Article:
Sunday, July 7, 2013

A Pierre Corneille Book Review: Kenneth W. Daniels, Why I Believed: Reflections of a Former Missionary"

(This is a reprint of a review I wrote for Goodreads a while back.  I have edited it.)

Kenneth W. Daniels is a former evangelical/fundamentalist missionary to Africa who lost his faith, convinced, he says, by reason and logic that evangelical/fundamentalist Christianity doesn't hold water. Almost all of the arguments he offers are the ones that any thoughtful atheist, agnostic, or theist has encountered, considered, and acknowledged, so there's really nothing new here for the thoughtful atheist, agnostic, or theist.  But it is a welcome critique of religious faith that doesn't rely on the tropes of Hitchensite anti-religionism. 

The weaknesses of the book, such as they are weaknesses, are few. His primary intended audience is those who are probably least likely to read the book, that is, those evangelical/fundamentalist Christians who believe in the inerrancy of the Bible. The arguments he offers are devastating to that particular approach to Christianity. He does engage other, less "fundamentalist" defenders of Christianity, such as C. S. Lewis, who, although an evangelical, certainly does not believe in the inerrancy of (most of) the Bible and who doesn't discount that humans may have evolved from "lesser" mammals.  But Daniels's argumentation is focused on addressing the possible objections that members of his primary intended audience might raise. In other words, he is not addressing straw man arguments--because those arguments exist among the audience he means to write for--but he does not delve as fully as do more self-consciously questioning theists. I'm not sure this counts as a "weakness" (he is clear about who his intended audience is), but the book leaves other readers where they probably were when they picked it up.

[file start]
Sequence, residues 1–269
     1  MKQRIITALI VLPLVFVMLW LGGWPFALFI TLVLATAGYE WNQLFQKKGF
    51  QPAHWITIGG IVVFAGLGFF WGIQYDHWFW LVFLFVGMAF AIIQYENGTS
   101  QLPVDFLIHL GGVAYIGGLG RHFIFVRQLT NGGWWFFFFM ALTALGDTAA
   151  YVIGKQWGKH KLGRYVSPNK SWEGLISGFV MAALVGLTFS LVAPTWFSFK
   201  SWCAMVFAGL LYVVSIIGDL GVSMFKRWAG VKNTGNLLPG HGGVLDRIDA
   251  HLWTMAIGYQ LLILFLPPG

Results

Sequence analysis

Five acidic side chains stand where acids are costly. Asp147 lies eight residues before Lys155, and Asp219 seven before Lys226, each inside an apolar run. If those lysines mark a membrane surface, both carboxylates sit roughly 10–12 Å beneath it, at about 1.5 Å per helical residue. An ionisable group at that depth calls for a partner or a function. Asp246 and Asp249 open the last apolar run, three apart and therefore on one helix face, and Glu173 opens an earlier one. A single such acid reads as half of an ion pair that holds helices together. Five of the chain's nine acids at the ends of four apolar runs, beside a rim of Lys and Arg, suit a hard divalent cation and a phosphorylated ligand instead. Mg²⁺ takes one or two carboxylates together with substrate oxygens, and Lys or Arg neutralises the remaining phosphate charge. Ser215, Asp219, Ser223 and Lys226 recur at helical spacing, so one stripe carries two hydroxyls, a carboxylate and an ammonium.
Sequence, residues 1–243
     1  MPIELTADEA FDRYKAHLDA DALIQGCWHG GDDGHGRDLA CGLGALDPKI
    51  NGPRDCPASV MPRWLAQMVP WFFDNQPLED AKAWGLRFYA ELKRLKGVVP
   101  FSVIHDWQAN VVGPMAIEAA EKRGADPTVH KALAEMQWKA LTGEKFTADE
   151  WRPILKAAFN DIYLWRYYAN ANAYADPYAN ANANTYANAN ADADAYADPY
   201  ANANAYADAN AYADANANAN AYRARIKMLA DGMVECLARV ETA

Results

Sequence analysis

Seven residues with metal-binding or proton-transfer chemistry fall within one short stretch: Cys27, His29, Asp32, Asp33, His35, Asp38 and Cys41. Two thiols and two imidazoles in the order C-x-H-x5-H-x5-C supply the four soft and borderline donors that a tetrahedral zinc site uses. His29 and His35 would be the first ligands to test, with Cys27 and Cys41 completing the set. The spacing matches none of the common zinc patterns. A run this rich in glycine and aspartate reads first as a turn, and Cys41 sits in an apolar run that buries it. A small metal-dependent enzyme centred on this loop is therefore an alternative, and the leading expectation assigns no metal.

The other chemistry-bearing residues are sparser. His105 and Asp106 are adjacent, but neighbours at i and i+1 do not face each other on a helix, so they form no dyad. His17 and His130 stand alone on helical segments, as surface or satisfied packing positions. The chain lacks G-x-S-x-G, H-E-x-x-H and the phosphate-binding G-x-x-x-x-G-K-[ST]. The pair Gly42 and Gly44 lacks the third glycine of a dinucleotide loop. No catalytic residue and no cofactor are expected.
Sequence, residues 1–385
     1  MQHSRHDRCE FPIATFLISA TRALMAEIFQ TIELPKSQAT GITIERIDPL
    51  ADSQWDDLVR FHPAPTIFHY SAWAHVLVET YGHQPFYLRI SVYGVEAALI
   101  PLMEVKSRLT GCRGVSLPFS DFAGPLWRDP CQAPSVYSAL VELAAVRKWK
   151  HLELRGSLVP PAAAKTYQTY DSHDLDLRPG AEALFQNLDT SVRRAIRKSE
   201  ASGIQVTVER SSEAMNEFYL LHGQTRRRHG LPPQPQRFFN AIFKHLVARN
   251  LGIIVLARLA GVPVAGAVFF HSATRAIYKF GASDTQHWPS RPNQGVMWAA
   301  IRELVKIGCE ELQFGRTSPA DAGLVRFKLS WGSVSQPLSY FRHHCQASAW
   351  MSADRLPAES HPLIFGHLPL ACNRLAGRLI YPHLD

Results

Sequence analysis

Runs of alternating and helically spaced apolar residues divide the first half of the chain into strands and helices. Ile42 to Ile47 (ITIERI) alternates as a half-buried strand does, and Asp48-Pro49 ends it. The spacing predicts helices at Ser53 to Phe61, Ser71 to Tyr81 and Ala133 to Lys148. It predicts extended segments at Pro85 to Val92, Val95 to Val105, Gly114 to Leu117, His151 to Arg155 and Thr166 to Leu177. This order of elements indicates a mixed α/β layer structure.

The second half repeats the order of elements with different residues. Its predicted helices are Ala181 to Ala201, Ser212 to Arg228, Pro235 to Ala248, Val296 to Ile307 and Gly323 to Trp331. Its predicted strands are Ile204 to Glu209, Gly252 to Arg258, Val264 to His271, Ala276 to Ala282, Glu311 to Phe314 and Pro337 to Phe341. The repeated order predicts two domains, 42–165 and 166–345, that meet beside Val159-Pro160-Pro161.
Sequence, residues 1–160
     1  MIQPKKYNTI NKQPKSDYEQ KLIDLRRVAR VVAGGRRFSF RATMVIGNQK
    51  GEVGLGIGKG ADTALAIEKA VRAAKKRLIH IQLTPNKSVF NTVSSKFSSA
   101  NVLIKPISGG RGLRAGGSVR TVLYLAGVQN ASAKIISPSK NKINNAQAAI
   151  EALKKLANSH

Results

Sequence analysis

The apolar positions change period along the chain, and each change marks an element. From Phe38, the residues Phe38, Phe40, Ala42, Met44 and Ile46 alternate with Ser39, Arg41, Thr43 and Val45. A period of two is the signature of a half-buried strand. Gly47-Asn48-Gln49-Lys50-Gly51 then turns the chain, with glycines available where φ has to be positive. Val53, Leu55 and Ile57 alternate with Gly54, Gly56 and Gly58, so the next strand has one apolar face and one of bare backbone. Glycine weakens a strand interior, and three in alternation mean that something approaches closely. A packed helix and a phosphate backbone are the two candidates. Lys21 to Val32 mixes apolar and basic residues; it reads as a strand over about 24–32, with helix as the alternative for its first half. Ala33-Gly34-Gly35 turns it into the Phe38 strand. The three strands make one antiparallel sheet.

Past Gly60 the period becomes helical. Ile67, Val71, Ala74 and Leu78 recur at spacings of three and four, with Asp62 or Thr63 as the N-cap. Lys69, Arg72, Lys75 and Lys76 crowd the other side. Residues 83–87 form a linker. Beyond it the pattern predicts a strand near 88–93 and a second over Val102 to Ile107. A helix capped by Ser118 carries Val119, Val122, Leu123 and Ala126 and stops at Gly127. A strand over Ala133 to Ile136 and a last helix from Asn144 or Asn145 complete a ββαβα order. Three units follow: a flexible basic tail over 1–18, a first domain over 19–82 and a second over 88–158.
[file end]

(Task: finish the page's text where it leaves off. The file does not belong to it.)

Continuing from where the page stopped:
Another "weakness," if it is right to call it a weakness, is that Daniels does not seem to acknowledge (at least not to the extent that I would prefer) that his naturalistic worldview is based necessarily on unprovable assumptions. This is particularly clear when he spends much time debunking the alleged "miracles" that appear in the Bible. This debunking project is quite well done, but I would have liked him to go the extra mile and point out that miracles, by their very definition, are a-natural. In short, no one who subscribes completely to a naturalistic worldview could acknowledge a miracle even if it ambled up upon the water in their direction because in any such miracle "must have a reasonable explanation and if we don't know the explanation, then it's because we simply haven't uncovered it yet." Again, this isn't so much a weakness as it is a quality of the position for which Mr. Daniels argues so well.

What I liked best about this book is its humility and its tone. Daniels is not out to explain "how religion poisons everything." Rather, he remains consistently respectful to the persons whose worldview he challenges so well. Indeed, my own receptiveness to his book--I usually identify as "an agnostic who leans toward theism" or as an "apophatist"--causes me to wonder about my own antipathy to the atheist/agnostic/naturalist arguments. Perhaps I what I object to in these arguments is more the strident and bigoted tone of the Dawkins and Hitchens crowd than what they actually argue.

At any rate, this book is worth a read.

No comments: